I am so angry that this show was pulled from the lineup... I LOVED THIS SHOW!!! We need this show brought back to the air. Ultraviolet opened the doors to the dark and mysterious world that everyone dreams of but nobody wants to face. Please bring it back now! Please.
Ultraviolet was never going to last long unfortunately. It was never given a fair chance to develop, being broadcast in a period when home grown science fiction was never considered on a par with shows imported from abroad. With excellent stories, special effects and a novel twist on the vampire story, this was a superb series, brilliantly acted with a group of convincing heroes, especially Michael whose life was turned upside down practically overnight leaving him not knowning who he could trust. I was really sorry when they stopped the series but fortunately Jack Davenport has went onto bigger and better things - Channel 4's loss that they ditched such a terrific show which had great potential.
I'd hate to call Ultraviolet a forgotten gem, but in a way it kind of is. Shown on Channel 4 back in 1998, Ultraviolet was a six-episode series that was heavily billed as Britain's answer to both The X-Files and Buffy the Vampire Slayer. It's essentially a modern update of the vampire myth, revolving around a government-funded paramilitary organisation with connections to the Roman Catholic Church fighting a secret war against a worldwide vampire conspiracy. If that doesn't sound utterly awesome to you then you I guess you might as well stop reading now or alternatively you could read on and let me convince you of its absolute greatness. Jack Davenport is our main character Mike Colefield, a decent sort of chap with a thing for his best friend's fiancée. When his friend disappears, Mike is sucked into a dark world of "leeches", shadowy organisations and all sorts of disturbing blood-related unpleasantness.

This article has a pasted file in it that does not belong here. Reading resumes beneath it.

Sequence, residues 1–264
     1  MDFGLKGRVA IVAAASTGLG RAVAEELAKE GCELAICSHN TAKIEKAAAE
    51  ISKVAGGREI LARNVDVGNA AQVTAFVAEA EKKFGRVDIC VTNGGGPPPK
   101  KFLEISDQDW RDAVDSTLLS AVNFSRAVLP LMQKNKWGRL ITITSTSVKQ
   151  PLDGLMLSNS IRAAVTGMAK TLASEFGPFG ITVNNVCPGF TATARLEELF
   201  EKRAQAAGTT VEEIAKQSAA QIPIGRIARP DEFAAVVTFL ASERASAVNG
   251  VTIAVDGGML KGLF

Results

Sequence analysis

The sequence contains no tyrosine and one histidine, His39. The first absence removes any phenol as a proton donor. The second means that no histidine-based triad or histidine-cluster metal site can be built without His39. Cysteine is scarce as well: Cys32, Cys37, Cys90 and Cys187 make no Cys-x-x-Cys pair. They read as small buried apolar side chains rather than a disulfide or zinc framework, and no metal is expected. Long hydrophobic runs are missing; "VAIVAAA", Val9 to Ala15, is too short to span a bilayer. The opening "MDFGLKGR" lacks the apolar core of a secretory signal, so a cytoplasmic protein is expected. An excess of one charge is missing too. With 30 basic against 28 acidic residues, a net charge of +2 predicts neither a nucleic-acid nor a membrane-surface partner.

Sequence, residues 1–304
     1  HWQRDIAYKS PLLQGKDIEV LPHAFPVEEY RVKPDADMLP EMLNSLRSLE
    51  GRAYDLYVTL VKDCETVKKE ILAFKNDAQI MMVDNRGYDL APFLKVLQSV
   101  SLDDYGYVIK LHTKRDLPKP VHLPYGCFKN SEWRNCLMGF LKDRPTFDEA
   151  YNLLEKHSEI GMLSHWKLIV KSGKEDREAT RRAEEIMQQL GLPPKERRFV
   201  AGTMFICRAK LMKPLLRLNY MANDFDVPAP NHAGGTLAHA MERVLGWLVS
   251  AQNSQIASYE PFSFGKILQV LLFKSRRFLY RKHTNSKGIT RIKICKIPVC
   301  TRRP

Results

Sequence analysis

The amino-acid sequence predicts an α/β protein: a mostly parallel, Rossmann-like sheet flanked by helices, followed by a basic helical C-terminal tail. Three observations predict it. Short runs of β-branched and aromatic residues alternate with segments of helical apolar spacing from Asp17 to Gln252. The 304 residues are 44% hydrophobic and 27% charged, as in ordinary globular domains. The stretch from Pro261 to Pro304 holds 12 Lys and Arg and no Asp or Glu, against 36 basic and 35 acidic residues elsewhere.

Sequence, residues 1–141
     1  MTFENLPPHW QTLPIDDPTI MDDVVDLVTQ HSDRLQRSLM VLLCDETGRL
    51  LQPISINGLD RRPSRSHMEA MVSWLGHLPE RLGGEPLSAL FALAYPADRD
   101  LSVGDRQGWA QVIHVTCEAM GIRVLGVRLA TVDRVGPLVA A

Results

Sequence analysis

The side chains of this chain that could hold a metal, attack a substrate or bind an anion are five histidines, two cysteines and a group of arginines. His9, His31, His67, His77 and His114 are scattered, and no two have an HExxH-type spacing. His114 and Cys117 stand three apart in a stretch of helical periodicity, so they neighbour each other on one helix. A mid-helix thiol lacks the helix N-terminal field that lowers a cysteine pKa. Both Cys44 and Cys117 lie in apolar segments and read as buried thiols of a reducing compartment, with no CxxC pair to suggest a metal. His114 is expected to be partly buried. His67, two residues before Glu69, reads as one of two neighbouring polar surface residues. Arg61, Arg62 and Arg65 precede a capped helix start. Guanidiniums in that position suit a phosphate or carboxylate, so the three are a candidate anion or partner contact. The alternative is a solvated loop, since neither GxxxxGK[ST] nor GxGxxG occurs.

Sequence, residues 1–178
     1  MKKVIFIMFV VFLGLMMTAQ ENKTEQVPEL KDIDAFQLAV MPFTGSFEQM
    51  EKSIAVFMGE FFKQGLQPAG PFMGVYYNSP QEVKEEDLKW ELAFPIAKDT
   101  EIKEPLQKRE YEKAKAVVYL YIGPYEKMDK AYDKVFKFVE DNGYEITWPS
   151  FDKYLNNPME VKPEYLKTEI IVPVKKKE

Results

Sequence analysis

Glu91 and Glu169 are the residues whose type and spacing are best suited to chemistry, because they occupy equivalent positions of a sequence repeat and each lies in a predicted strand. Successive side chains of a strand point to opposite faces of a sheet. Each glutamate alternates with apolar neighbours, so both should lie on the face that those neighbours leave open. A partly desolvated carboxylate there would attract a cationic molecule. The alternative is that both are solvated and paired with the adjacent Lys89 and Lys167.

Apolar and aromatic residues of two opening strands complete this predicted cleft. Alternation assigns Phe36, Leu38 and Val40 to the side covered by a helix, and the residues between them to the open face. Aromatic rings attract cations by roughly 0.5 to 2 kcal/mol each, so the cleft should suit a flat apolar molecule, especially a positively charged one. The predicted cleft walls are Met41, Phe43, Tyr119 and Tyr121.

Take every embarrassing cliché about vampires that's built up over the years, remove said embarrassments and add a slightly unsettling streak of grim reality and you've got Ultraviolet. Imagine if vampires were real, how would they really behave? And that's where Ultraviolet really pulls its punches, in the sheer bloody reality of it all. There are no implausible stunts, no fangs, no hissing, no stakes in the heart (well, sort of), just a disturbing sense of realism that really gets under your skin. "This could actually happen!", you think. "Maybe vampires are real!" Well, that's what I thought anyway, but I have a ridiculously childlike, overactive imagination.
The storylines are, without exception, completely great. Different aspects of the show's mythology are explored, expanding into an overall story that is really quite terrifying. Every episode has a subtle but gradual build in intensity, ramping up the tension for all its worth until you're hanging to the edge of your seat by a sort of home-made cable. This is especially well done in episode five, Terra Incognita, possibly one of the finest TV episodes of all time, and one so unbearably tense I guarantee you'll be digging your fingernails into the palms of your hands.
Before Torchwood aired and people discovered how rubbishy it was, fans were using this series as a benchmark for what Torchwood should aspire to, which shows the high esteem in which it's quite rightly held. It's not hard to see why it's remembered so fondly, because Ultraviolet really is brilliant in every department. It's slick and beautifully made. It's incredibly well written and directed by Joe Ahearne (director of all the best episodes of the first series of New Doctor Who). It's blessed with a tremendously atmospheric musical score. Every episode is plotted to perfection, and all the regulars are excellently cast with not a duff note among them.
It's a shame that there wasn't a second series, but I can understand why. As great as it would've been to have more episodes, Ultraviolet nonetheless works beautifully the way it is, achieving more in six hours than most series do in five seasons. If you're a genre TV fan, if you dig horror and vampires, if you like The X-Files, if you're wondering what Torchwood should've been, if you just generally love great television then this is a must-see. You won't regret it.